People who are considering leaving an abusive relationship have unique challenges not experienced by most people trying to deal with family law issues. When abuse is present, or was present in the past, it’s hard to come to fair negotiations, and it might not be possible at all. Abuse might impact child custody and access as well as spousal support. We will discuss here some options for those dealing with abuse and family law issues, and some court orders that might be useful.
It can be difficult or even impossible to come to an agreement in situations where there has been abuse. A victim of abuse might not be able to cope with being in the same room as the abuser, and might not have equal bargaining power. Abusers will often exert extreme control and power over their victims, and this can impact negotiations.
Where the parties do have to be in the same room for negotiations, there are some options and support for the victims to try to make the process as easy as possible. Negotiation through a lawyer is one option, where the parties discuss what they want with their respective lawyer, and then the lawyers meet and work, through discussion, to resolve the issues.
Victims should never sign anything without having their own lawyer look it over first, and they are entitled to get the support they need throughout the legal process.
2. Custody and Access
The best interests of the child is the number-one priority of the courts. Past conduct of a parent isn’t usually considered unless it affects the person’s ability to parent the child. Abusive behaviour can be considered an issue that would affect a person’s ability to be a good parent.
Abuse between parents also impacts the children. People who abuse their spouse may be more likely to abuse a child, and babies are at risk for being injured or dropped. Children are also sometimes used to control or intimidate or threaten the other parent. In some worst-case scenarios, the other parent even harms or abducts the child.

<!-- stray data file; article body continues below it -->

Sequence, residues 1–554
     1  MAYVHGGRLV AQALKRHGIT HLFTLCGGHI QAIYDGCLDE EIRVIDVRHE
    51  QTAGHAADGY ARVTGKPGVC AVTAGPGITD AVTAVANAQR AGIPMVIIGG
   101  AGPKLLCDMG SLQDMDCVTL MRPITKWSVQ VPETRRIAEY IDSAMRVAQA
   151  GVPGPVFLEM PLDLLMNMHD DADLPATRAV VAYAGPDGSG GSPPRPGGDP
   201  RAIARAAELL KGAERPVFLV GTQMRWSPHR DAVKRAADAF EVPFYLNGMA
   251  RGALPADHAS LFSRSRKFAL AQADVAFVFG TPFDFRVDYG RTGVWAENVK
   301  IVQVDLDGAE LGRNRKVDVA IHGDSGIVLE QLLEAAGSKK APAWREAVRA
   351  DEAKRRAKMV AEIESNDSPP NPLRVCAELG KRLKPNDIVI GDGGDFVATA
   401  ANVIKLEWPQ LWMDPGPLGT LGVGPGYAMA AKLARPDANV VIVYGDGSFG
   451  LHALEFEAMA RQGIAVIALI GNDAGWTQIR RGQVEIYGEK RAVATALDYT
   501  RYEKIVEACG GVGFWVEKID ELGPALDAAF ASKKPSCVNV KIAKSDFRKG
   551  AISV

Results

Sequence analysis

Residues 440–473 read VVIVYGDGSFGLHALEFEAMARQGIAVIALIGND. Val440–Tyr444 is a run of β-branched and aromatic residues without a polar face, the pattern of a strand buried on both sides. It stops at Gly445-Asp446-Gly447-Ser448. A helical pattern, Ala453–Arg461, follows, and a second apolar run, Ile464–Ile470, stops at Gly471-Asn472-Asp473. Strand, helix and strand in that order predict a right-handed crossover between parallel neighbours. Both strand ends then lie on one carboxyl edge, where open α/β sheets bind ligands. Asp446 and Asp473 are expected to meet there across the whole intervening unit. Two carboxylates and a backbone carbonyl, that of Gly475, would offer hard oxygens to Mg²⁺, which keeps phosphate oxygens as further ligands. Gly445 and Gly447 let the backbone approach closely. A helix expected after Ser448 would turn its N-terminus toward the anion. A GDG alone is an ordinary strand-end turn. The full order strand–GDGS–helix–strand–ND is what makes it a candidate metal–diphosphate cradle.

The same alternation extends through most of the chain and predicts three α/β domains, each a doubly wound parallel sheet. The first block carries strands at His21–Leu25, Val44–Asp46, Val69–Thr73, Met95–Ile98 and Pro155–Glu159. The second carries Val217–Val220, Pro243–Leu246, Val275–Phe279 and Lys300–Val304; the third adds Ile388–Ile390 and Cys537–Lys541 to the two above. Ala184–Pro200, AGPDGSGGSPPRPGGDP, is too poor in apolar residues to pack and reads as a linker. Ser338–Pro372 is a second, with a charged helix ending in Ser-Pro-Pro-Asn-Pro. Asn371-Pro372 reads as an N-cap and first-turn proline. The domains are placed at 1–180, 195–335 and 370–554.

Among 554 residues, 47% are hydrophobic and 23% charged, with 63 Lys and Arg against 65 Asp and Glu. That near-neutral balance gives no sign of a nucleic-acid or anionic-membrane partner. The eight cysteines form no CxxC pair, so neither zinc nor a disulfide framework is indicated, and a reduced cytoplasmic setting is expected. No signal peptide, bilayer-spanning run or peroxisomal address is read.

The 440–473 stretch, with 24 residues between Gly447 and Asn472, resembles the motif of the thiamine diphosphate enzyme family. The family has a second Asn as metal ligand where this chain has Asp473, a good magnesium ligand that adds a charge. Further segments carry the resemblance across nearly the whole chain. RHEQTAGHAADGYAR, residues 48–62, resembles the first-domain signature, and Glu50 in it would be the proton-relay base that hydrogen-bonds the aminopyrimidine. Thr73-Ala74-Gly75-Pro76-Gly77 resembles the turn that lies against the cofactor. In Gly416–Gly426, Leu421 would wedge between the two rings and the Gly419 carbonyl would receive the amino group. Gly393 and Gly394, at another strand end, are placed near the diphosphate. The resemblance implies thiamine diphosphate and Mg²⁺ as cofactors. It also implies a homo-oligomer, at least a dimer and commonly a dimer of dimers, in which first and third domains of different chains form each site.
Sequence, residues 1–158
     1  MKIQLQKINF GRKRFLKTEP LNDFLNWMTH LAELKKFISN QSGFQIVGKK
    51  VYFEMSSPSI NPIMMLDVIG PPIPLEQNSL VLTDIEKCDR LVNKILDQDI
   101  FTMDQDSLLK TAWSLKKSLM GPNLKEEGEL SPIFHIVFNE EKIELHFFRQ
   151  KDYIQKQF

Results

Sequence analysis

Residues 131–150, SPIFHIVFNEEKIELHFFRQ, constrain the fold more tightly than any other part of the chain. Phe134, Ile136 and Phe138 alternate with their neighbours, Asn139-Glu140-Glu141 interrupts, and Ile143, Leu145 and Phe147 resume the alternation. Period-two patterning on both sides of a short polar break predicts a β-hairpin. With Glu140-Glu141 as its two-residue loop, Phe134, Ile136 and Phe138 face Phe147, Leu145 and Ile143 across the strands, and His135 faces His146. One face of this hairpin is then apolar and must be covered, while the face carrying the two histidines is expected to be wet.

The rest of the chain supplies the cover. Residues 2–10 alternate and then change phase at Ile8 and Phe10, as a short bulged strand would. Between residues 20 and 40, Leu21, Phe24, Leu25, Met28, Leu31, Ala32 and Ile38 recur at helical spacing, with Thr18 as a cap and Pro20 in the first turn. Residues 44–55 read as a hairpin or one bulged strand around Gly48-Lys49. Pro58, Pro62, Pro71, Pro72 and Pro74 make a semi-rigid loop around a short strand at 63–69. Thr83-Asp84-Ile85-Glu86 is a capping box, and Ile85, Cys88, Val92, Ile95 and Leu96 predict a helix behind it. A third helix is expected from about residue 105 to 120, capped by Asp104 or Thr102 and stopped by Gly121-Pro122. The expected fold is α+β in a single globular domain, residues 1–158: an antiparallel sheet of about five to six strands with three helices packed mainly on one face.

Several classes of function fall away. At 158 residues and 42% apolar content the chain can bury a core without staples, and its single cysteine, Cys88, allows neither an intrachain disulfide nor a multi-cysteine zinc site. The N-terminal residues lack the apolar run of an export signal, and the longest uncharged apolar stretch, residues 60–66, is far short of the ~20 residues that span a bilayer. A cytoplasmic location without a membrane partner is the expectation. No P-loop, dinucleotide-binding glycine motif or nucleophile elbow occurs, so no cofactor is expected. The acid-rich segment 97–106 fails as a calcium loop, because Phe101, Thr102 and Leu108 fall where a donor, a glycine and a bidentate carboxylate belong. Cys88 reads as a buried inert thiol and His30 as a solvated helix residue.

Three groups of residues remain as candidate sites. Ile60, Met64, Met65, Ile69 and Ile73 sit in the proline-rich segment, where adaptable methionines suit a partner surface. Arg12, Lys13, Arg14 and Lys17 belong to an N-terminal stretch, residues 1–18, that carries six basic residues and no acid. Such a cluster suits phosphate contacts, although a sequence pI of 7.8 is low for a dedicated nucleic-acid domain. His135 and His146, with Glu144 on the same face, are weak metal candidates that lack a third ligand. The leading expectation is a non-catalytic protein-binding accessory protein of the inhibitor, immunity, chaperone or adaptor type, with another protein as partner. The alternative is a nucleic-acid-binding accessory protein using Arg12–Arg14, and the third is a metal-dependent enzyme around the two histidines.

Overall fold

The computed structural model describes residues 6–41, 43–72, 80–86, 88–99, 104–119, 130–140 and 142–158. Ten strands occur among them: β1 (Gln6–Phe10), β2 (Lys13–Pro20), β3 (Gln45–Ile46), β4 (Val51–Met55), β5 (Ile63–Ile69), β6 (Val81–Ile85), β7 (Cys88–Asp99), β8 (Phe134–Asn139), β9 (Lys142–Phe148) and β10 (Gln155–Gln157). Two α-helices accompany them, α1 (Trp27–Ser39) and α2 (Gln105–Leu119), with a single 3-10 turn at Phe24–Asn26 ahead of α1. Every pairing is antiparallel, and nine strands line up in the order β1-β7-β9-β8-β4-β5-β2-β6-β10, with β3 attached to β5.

Abusive behaviour can influence several aspects of the custody decisions, including how much weight is given to the child’s wishes regarding with whom he or she wants to live.
3. Spousal Support
Spousal abuse or misconduct isn’t usually considered when a judge decides whether to order spousal support, or when determining the amount. However, it is relevant if the abuse has affected the spouse’s ability to earn an income.
4. Restraining Orders
This is one of the more popular court orders that may come in handy when there are abuse issues within a separation. You may ask the family lawyer to help you file for a restraining order during any point of the family law court case. The court can order the other person to stay away from you and/or the children, if you can give evidence as to why you need this order. If your case hasn’t yet been started and/or you need help quickly, you can request a Peace Bond.
5. Supervised Access/Exchange
In most cases, seeing both parents is usually considered to be in the child’s best interests, but where one parent is abusive towards the other, special considerations may be applied. If a parent is concerned that the other parent is a threat to the child’s safety, supervised access can be ordered upon request. If parents can’t safely facilitate access because of hostility or violence, supervised exchanges are also an option.
6. Possession of the Home
In Ontario, there are special rules for how the family home is to be treated within the separation and divorce process. The court will decide whether to order exclusive possession of the home, and will include the best interests of any children who are affected, any existing support orders and obligations, any existing property orders, the financial situations of both parties, any written agreements, and any violence committed by one party against the other spouse or children.